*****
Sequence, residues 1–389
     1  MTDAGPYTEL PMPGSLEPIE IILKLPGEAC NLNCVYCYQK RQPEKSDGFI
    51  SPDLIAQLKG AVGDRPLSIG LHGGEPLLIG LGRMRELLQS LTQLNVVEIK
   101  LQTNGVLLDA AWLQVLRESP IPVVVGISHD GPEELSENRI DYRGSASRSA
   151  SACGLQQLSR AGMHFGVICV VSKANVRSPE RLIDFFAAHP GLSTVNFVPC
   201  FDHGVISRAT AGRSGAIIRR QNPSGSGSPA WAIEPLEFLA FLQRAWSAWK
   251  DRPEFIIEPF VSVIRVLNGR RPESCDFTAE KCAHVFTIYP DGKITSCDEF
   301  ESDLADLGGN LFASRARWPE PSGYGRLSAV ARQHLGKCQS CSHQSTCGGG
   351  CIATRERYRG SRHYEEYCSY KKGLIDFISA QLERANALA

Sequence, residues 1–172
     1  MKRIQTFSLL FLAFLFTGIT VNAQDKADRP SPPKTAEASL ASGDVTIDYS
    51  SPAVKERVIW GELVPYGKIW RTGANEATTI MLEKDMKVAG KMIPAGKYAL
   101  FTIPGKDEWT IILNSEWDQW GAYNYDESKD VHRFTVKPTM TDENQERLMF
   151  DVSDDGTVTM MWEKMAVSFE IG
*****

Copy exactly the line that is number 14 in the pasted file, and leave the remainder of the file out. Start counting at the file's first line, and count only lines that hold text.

   151  DVSDDGTVTM MWEKMAVSFE IG